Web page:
abstract = "The population of adults with repaired tetralogy of Fallot (TOF) is growing, thanks to improvements in the surgical and medical management of this condition. Accordingly, late postrepair complications are important medical concerns in these individuals. Initial surgical repair of TOF typically occurs in infancy, consisting of patch repair of the ventricular septal defect (VSD) and relief of right ventricular outfow tract (RVOT) obstruction. Although patients may remain asymptomatic for several decades, the majority will have progressive pulmonic regurgitation that leads to right ventricular (RV) dilatation and functional deterioration. Other frequently seen complications include branch pulmonary artery stenosis, RVOT an-eurysms, and recurrent VSDs. Cardiac computed tomography (CT) is widely available and, in some cases, is the imaging modality of choice for serial evaluation of TOF patients. CT is particularly useful when magnetic resonance (MR) imaging is contraindicated (eg, in patients with implant-able cardiac devices). Unlike MR imaging, cardiac CT allows excellent visualization of endovascular stents and stent-mounted valves. Retrospective electrocardiographically gated cardiac CT can be used for accurate volumetric and functional analysis of the RV. Comprehensive serial evaluation will assist in determining the need for surgical pulmonary valve repair in the setting of progressive RV dysfunction. Three-dimensional volumetric images are useful for evaluation of stent integrity and aneurysm formation. The radiologist should be familiar with the anatomy of TOF, surgical interventions for repair, and postrepair complications encountered at follow-up imaging of these patients. By extracting the breadth of information obtained with cardiac multidetector CT, the radiologist can play an essential role in the management of adult patients with repaired TOF.",
author = "Sameer Ahmed and Pamela Johnson and Fishman, {Elliot K} and Stefan Zimmerman",
year = "2013",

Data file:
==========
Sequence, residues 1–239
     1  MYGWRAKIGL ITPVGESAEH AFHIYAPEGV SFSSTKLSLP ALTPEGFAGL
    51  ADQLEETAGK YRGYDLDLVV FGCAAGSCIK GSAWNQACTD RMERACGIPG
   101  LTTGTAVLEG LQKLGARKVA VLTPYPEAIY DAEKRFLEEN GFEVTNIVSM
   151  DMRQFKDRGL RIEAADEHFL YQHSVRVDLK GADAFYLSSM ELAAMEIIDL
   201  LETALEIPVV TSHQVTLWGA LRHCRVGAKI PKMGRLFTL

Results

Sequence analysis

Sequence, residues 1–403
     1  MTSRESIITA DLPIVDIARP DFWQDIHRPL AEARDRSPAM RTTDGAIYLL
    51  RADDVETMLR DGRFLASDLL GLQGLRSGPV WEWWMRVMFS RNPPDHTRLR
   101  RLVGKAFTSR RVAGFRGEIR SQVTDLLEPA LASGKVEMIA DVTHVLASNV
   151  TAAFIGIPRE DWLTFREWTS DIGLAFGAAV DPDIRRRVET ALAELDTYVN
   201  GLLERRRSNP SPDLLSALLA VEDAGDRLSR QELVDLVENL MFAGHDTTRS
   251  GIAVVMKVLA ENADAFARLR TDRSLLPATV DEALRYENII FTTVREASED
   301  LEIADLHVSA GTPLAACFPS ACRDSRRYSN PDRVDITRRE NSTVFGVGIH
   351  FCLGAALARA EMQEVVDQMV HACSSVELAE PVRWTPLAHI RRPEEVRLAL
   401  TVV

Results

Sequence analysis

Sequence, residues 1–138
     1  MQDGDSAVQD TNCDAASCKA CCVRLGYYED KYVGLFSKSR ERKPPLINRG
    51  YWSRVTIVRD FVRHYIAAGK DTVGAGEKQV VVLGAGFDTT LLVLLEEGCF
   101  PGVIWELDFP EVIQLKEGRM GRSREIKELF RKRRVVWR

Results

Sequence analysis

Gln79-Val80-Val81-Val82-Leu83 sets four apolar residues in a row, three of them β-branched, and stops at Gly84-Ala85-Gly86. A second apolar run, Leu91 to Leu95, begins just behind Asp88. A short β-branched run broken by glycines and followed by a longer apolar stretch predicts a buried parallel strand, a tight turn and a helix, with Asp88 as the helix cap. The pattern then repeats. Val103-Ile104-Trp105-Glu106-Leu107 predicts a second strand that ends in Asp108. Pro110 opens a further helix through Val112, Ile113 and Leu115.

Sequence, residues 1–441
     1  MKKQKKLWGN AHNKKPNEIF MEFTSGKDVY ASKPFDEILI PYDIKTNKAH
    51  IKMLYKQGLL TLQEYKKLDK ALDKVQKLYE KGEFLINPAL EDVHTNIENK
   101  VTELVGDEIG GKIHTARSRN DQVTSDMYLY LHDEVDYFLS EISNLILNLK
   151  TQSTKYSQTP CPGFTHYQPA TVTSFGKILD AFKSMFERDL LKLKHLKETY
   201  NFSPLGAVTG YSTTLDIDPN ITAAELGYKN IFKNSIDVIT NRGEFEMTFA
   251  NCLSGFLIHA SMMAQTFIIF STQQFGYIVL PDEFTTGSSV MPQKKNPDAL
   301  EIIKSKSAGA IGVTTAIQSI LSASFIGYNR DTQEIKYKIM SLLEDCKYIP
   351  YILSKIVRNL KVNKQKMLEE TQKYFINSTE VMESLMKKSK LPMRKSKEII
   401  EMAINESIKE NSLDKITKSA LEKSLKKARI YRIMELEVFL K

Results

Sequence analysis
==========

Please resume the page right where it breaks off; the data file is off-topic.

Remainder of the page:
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N2 - The population of adults with repaired tetralogy of Fallot (TOF) is growing, thanks to improvements in the surgical and medical management of this condition. Accordingly, late postrepair complications are important medical concerns in these individuals. Initial surgical repair of TOF typically occurs in infancy, consisting of patch repair of the ventricular septal defect (VSD) and relief of right ventricular outfow tract (RVOT) obstruction. Although patients may remain asymptomatic for several decades, the majority will have progressive pulmonic regurgitation that leads to right ventricular (RV) dilatation and functional deterioration. Other frequently seen complications include branch pulmonary artery stenosis, RVOT an-eurysms, and recurrent VSDs. Cardiac computed tomography (CT) is widely available and, in some cases, is the imaging modality of choice for serial evaluation of TOF patients. CT is particularly useful when magnetic resonance (MR) imaging is contraindicated (eg, in patients with implant-able cardiac devices). Unlike MR imaging, cardiac CT allows excellent visualization of endovascular stents and stent-mounted valves. Retrospective electrocardiographically gated cardiac CT can be used for accurate volumetric and functional analysis of the RV. Comprehensive serial evaluation will assist in determining the need for surgical pulmonary valve repair in the setting of progressive RV dysfunction. Three-dimensional volumetric images are useful for evaluation of stent integrity and aneurysm formation. The radiologist should be familiar with the anatomy of TOF, surgical interventions for repair, and postrepair complications encountered at follow-up imaging of these patients. By extracting the breadth of information obtained with cardiac multidetector CT, the radiologist can play an essential role in the management of adult patients with repaired TOF.